Energetic measures connected with the reform of the power industry have been taken in Russia in the last few years. On the whole, the reform is proceeding well and in compliance with the timetable. We are working according to the approved schedule, with some minor lags. We launched the energy reform to create new sources of funds for modernisation and innovation in this crucial sector.
On the whole, we are attaining the outlined objectives, although the crisis has interfered and created some problems. They were compounded by the accident and tragedy at the Sayano-Shushenskaya hydroelectric power plant. But you can see that we are dealing with it well, and reconstruction work at the power plant is proceeding apace. After we have analysed progress of this work today, I am confident that we will rebuild the station, all of its ten power units, in accordance with the approved schedule by the end of 2014. We have allocated huge funds towards this end, but it is a substantiated spending.
There are reasons to assume that work will proceed according to schedule and with a high quality at one more new generating facility, the Boguchany hydroelectric power plant.
As for the power industry as a whole, I'd like to draw your attention to the need to honour our commitments unconditionally. I am referring to the commitments of the new owners of power generating facilities and the government. The government is working to fulfil its pledges, and state-controlled companies, foreign partners and some private Russian companies, such as LUKoil, are acting likewise.
I am calling on all partners in this process, everyone without exception, to work as planned. Unfortunately, we know that some of them, in particular TGK-4, have not even compiled their action plans. Just imagine: They still have no action plans!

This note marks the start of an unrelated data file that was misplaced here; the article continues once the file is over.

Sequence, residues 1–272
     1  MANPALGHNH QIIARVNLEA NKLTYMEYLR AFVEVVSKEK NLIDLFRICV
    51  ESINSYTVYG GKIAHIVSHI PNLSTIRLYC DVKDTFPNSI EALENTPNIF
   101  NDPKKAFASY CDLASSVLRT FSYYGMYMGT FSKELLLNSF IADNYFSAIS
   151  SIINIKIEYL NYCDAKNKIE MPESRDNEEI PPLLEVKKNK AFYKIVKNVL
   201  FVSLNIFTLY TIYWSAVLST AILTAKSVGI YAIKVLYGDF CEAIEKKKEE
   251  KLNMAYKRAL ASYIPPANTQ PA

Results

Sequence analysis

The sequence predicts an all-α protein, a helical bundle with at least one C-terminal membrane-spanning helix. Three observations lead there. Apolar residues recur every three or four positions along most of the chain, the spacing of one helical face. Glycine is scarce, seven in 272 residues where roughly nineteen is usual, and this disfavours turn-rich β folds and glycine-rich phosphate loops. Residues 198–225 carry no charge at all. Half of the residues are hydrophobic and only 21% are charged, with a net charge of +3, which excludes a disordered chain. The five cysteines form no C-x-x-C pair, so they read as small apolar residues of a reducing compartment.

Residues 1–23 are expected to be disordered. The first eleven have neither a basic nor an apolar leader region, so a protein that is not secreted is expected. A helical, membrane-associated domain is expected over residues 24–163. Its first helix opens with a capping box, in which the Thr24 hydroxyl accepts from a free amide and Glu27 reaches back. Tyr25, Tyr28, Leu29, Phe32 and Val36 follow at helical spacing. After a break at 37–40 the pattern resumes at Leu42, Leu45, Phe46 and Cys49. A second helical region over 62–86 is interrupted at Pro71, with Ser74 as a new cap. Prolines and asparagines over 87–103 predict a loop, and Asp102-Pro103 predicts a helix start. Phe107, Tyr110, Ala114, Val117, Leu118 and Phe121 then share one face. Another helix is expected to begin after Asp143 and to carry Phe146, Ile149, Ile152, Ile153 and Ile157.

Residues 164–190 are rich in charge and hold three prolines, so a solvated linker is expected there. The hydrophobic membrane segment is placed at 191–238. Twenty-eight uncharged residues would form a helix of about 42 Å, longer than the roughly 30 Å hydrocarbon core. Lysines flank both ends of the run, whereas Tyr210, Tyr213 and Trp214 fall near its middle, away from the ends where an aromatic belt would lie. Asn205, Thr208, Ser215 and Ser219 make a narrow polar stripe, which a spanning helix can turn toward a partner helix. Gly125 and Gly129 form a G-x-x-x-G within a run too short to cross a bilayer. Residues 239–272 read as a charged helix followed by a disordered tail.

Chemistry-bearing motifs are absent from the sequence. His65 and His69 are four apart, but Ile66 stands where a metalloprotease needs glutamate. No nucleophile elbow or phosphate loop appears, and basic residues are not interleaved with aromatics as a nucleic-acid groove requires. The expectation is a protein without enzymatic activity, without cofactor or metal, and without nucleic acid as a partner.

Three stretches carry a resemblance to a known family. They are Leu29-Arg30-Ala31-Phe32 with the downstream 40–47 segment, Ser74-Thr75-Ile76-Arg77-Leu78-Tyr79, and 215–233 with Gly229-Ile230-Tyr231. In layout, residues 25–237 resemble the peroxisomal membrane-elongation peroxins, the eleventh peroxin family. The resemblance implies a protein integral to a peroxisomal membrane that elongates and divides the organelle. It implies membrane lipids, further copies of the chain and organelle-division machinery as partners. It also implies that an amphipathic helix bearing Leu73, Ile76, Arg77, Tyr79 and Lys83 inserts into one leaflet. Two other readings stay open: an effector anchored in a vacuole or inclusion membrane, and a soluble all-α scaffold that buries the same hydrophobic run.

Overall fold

Mr Prokhorov is the largest shareholder of TGK-4. He is well off financially; as they same in some quarters, he is in cash. He has the money. He spends his time talking with many officials. He has recently talked with me; I have very good relations with him. He is looking for projects on which to spend his money, but I'd like to remind him that he should honour his prior commitments first.
Or take OGK-3. Its largest shareholder, Mr Potanin, bought it for 81.7 billion roubles. And he also raised 81.7 billion roubles through an additional share issue, which means that he assumed ownership of a huge property for free. All right, good for him, but he must also honour his commitments under the investment programme. But he is not doing anything.
I have a special reason to mention E.ON. The German company raised 48 billion roubles through an additional share issue, and its investment programme is estimated at 95 billion roubles, and they are working on it. I don't want to quarrel, but plans must be implemented. For our part, I'd like to say again that we are prepared to extend a helping hand and to meet you half-way. But it should be a two-way road.
Everything in the electric power sector must be done with the highest quality and modern equipment, with due regard for the environment and with the use of innovative instruments and principles.
If we act in this manner - and this is the only way in which we should act - we will certainly succeed. And success is what everyone needs.